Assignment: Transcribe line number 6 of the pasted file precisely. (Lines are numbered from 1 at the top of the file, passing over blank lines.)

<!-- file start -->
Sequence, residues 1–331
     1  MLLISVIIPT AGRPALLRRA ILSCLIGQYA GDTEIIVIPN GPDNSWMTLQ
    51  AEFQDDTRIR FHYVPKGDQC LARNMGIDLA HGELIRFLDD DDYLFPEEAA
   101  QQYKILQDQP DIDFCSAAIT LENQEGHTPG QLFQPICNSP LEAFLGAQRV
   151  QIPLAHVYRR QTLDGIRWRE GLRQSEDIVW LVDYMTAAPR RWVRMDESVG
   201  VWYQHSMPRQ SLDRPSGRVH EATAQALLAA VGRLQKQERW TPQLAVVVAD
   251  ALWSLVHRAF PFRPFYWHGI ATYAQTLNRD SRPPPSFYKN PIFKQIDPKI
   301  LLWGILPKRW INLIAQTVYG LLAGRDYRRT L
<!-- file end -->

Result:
   201  VWYQHSMPRQ SLDRPSGRVH EATAQALLAA VGRLQKQERW TPQLAVVVAD